Roses are red,
Violets are blue.
Does your valentine love history,
As much as we do?
Check out our gift shop at http://www.oldcolonyhistorymuseum.org/shop/ or stop by 10-4!
Have you heard!? We're hosting the next Taunton Area Chamber of Commerce Alive After 5: Business Networking!
One week from tonight, Tuesday, February 18.
For details or to register visit: https://web.tauntonareachamber.org/events/eventdetail.aspx?eventid=236
"But, I've never been there, I'm not welcome." ---False! Come on in! Everyone is welcome!
"But, I haven't finished the book."--That's OK, come share what you think. See if you want to join the group!
"But, my kid can't handle a storytime."--Ours is 30 minutes long and we have coloring pages and legos for you!
This Saturday is packed with events for the whole family. And if you want to just enjoy Taunton's history in a beautiful historic space, we love that too! Come have a look around. It's only $5 to tour the museum and members are always free! :)
The Four Chaplains
Just after midnight, in the early morning darkness of Wednesday, February 3, 1943, four U.S. Army chaplains earned their places among the heroes of World War II. Standing on the listing deck of the American troop transport Dorchester and accepting that they would soon perish in the icy Atlantic, each man selflessly handed over his lifejacket so that another man would have a chance to survive.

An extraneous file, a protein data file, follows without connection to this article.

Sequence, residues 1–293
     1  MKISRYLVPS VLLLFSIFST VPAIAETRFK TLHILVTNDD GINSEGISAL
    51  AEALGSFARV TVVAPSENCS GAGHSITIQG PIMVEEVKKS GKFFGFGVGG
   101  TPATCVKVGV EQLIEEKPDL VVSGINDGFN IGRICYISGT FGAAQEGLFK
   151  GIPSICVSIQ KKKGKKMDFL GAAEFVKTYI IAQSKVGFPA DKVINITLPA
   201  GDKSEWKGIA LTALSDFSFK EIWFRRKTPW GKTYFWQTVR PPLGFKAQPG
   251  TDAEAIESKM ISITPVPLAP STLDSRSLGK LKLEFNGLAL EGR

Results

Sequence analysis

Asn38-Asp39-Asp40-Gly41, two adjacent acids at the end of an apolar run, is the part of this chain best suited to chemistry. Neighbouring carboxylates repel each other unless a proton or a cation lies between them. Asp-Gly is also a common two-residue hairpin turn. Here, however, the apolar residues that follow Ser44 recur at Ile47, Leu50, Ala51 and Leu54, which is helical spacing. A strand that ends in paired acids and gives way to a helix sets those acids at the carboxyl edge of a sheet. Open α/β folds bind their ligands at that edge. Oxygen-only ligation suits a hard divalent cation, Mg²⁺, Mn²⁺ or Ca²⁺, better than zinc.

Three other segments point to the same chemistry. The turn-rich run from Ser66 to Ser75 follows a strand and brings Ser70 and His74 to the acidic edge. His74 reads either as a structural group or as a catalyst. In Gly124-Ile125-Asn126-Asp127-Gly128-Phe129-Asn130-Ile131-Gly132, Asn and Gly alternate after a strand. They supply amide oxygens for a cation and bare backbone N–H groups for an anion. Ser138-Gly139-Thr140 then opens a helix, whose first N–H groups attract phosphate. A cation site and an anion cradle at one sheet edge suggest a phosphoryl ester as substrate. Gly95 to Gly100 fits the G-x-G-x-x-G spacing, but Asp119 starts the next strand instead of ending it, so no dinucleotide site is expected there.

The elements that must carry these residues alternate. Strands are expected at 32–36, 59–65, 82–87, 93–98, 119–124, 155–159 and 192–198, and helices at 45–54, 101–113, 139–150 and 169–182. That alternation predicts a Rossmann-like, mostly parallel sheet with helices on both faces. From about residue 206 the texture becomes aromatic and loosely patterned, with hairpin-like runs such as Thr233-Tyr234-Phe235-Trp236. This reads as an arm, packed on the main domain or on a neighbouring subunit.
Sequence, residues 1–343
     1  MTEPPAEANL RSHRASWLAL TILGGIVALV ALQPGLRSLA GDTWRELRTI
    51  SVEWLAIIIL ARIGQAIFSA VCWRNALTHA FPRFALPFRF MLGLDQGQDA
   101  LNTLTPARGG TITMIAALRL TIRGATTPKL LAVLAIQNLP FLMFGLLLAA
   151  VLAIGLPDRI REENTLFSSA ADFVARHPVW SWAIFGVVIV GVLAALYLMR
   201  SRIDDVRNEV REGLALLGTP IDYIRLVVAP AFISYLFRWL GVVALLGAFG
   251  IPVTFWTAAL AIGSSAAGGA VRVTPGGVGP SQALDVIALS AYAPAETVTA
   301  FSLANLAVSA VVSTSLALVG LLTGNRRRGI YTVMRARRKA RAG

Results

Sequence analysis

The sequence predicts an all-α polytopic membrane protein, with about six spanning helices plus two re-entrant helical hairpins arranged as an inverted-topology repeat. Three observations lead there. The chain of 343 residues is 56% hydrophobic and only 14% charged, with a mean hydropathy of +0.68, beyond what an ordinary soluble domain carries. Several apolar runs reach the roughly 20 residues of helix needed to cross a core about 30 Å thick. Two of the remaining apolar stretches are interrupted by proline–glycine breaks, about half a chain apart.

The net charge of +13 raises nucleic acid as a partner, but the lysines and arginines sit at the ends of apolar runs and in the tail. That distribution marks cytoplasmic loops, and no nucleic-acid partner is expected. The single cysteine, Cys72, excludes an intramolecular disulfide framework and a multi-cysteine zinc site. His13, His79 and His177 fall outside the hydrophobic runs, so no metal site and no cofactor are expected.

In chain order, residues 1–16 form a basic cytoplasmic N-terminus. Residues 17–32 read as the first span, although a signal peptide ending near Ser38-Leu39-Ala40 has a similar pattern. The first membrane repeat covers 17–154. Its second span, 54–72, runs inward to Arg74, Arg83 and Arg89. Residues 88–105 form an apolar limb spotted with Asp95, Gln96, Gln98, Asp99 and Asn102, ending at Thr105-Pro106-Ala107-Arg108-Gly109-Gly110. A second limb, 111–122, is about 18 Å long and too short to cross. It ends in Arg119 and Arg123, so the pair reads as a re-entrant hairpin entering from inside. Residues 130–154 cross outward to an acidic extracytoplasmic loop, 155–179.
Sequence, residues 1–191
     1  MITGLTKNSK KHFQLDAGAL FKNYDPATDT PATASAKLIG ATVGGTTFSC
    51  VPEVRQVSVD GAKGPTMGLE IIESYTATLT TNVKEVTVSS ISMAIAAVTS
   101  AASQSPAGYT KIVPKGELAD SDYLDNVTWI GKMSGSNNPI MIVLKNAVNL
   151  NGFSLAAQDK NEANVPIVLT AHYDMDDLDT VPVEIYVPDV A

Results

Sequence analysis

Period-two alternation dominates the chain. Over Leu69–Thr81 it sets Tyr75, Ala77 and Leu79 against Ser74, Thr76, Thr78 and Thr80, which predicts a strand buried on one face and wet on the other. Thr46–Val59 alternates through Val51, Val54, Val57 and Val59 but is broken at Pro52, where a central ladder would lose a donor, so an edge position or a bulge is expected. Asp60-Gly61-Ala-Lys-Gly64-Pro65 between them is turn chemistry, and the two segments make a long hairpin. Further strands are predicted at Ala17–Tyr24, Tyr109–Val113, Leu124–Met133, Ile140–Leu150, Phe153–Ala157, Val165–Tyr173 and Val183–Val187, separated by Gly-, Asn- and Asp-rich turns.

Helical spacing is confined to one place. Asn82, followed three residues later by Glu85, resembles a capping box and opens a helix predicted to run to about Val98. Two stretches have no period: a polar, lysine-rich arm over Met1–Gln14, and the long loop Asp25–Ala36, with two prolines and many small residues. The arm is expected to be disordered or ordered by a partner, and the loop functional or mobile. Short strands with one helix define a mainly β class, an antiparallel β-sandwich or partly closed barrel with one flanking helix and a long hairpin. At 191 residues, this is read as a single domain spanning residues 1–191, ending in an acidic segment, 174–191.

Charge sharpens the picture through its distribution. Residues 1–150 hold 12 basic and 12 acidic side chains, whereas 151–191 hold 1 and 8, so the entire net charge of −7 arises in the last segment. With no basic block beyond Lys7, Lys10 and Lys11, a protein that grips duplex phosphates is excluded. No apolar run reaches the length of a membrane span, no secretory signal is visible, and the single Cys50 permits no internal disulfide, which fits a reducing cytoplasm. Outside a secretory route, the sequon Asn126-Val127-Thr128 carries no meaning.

George L. Fox, a native of Pennsylvania, was a Methodist minister, a highly decorated World War I veteran and the father of two children. Arthur D. Goode was a Jewish rabbi who was raised in Washington, D.C. and then studied medicine at Johns Hopkins University. He had left his congregation in York, Pennsylvania to enter the military. George V. Polling, a Dutch Reformed minister, was born in Ohio but had lived in Massachusetts and most recently in Vermont. His wife Betty was pregnant with their second child when he departed for the service. John P. Washington, the son of Irish immigrants and a graduate of Seton Hall University, was a Roman Catholic priest who left his parish in Elizabeth, New Jersey to serve his country.
These four clergymen had become friends while at Camp Myles Standish, in Taunton, Massachusetts. Opened in October 1942, the camp served as the main staging area for the Boston Port of Embarkation. Here, the four chaplains, along with thousands of other American and Allied personnel, were processed for overseas duty. Physicals were administered, paperwork completed and perhaps there was time for a hurried phone call home. Then it was a train ride to Boston--or in the case of these chaplains, New York-- and onto a troop ship headed for the European Theater of Operations.